Spaceflight Now: Breaking News

Boeing wins potential $1.3B for six military satellites
Posted: January 4, 2001

  Wideband Gapfiller Satellite
An artist's concept of a Wideband Gapfiller Satellite in orbit. Photo: Boeing
Boeing has been picked to led the charge in developing the U.S. military's next-generation Wideband Gapfiller Satellite communications network, which could lead to the company building as many as six spacecraft for the system.

An initial contract worth $160.3 million was awarded to an industry team led by Boeing. The potential value could grow to $1.3 billion if the joint-service program -- funded by the Air Force and Army -- approves plans to build the half-dozen Boeing 702-model satellites and associated equipment.

Envisioned as an evolutionary bridge from today's military communications infrastructure to the planned systems of the future, the Wideband Gapfiller Satellite program will provide a high-capacity satellite communications system to support the warfighter. It is supposed to feature newer and far greater capabilities than provided by current systems.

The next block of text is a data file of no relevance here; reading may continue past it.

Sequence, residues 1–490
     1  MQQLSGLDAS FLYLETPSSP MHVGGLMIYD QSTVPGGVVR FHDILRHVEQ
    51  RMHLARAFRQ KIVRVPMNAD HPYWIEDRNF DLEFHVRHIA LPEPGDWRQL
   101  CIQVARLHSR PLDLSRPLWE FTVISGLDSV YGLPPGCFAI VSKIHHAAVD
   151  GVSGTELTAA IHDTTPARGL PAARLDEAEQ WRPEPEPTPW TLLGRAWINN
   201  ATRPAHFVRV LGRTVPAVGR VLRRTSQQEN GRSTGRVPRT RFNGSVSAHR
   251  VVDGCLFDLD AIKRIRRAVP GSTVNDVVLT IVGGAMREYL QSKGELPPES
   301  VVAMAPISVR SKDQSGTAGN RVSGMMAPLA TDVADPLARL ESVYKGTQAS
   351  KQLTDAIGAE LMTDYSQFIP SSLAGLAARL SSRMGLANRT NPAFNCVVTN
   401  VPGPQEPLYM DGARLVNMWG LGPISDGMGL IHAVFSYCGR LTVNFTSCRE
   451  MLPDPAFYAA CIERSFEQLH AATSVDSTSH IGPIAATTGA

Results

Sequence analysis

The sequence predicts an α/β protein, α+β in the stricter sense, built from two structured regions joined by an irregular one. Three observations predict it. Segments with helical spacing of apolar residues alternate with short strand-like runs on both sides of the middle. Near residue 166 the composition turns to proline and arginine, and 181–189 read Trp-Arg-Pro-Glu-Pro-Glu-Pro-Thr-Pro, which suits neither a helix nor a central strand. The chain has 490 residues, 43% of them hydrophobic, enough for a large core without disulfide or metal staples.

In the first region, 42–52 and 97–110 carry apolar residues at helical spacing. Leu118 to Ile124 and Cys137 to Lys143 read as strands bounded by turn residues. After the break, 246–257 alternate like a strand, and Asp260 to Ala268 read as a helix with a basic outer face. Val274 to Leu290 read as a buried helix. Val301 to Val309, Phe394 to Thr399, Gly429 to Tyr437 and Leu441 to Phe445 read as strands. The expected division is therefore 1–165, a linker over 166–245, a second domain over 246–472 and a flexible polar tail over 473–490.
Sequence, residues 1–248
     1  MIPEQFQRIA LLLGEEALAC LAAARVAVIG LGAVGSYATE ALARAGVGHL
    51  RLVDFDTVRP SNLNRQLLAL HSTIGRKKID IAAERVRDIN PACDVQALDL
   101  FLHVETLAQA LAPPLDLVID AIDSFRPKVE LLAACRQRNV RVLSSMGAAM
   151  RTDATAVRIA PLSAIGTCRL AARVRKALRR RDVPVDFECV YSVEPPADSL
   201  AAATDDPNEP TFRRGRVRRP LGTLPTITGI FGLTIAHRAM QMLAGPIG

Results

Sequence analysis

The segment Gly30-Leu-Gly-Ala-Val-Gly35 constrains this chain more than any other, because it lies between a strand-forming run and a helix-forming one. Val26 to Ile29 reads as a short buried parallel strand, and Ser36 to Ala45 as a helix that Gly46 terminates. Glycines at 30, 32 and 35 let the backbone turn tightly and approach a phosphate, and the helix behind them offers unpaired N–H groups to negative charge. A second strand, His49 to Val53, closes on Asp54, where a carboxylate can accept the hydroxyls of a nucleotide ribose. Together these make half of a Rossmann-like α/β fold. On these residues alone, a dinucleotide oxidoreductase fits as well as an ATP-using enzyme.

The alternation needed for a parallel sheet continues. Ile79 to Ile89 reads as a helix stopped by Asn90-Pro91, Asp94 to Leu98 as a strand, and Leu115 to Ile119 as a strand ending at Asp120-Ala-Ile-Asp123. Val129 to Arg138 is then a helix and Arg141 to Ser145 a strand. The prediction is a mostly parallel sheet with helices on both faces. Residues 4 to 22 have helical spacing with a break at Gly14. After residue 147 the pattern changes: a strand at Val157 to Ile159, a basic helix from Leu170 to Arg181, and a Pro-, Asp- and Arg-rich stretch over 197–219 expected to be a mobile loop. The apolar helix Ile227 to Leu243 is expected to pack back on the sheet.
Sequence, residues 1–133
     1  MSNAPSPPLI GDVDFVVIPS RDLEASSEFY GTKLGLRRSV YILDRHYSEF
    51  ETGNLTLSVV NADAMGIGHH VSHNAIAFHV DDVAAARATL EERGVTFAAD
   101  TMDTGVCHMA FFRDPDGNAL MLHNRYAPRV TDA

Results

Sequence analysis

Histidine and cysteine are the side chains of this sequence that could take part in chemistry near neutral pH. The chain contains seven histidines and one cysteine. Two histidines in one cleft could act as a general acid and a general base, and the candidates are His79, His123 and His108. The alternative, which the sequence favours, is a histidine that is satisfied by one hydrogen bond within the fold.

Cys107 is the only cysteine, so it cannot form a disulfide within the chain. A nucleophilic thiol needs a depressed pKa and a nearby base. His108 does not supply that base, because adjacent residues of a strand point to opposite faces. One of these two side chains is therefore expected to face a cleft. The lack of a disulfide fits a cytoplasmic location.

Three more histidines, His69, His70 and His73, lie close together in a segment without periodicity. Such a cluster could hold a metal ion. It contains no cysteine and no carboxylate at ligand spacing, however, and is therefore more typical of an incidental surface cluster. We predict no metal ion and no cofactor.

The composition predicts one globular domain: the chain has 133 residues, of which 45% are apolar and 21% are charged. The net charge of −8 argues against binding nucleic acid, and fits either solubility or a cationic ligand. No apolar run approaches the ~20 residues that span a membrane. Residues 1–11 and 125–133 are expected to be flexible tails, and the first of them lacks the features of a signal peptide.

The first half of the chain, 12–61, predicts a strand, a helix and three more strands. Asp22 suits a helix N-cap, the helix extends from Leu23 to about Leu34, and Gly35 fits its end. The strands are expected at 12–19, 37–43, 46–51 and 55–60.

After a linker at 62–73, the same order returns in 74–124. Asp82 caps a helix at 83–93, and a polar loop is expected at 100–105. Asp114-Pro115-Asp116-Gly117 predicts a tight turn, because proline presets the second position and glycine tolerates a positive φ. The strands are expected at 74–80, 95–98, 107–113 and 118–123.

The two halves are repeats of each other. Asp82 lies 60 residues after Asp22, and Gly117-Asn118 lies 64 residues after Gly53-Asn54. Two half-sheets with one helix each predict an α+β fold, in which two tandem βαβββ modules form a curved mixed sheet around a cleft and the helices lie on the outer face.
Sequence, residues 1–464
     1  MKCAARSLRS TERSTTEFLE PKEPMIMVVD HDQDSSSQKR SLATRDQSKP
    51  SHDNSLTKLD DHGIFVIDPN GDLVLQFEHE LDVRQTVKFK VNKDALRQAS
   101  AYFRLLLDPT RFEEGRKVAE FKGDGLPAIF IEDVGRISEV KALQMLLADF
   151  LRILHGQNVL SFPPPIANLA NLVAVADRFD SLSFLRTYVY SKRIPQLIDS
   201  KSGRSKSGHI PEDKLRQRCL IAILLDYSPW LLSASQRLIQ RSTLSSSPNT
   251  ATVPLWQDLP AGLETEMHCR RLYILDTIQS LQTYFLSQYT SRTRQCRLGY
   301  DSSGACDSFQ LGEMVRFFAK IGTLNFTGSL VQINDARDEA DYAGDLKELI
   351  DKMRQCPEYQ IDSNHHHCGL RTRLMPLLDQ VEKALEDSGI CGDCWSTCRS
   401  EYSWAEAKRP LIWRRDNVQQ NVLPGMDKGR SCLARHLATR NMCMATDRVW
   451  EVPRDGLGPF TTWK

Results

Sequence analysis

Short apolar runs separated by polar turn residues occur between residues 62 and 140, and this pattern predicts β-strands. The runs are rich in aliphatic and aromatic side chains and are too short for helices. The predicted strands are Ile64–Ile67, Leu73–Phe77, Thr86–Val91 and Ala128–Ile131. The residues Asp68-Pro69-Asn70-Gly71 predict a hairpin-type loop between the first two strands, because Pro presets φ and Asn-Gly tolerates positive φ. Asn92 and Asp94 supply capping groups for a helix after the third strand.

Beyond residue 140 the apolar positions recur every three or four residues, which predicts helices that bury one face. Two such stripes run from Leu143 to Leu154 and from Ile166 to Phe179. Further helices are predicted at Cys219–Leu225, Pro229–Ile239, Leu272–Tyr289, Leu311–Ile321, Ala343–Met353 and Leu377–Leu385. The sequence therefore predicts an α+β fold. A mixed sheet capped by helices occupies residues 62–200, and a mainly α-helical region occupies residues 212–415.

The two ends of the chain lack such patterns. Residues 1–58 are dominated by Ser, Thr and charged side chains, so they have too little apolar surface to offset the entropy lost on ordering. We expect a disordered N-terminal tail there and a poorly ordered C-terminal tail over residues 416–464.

Today, the Pentagon relies on the Defense Satellite Communications System, which provides Super High Frequency wideband communications, and by the Global Broadcast Service, which uses direct broadcast satellite technology to provide critical information to U.S. and allied forces.

The gapfiller program could launch its first satellite as early as 2004 aboard a Boeing Delta 4 rocket, some four years before the futuristic Advanced Wideband Satellite system flies to support a high-capacity tactical communications network.

"We're proud of this contract award and equally proud to be part of a team of satellite communications industry leaders whose commercial and government experience spans all the key needs of the WGS system," said Tig H. Krekel, president of Boeing Satellite Systems.

"Based on the capabilities of this team, we are able to offer the DoD a tremendously flexible solution that leverages vast expertise in commercial and military satellite communications technology."

The Boeing 702 spacecraft model is the largest and most powerful commercial satellite in the world. It uses state-of-the-art technologies in propulsion, power generation and thermal control. BSS has launched three Boeing 702 satellites in the last 12 months and has eight other commercial 702s on order.

Boeing's Wideband Gapfiller Satellite program team also includes Harris Corp., ITT Industries, Logicon and SAIC.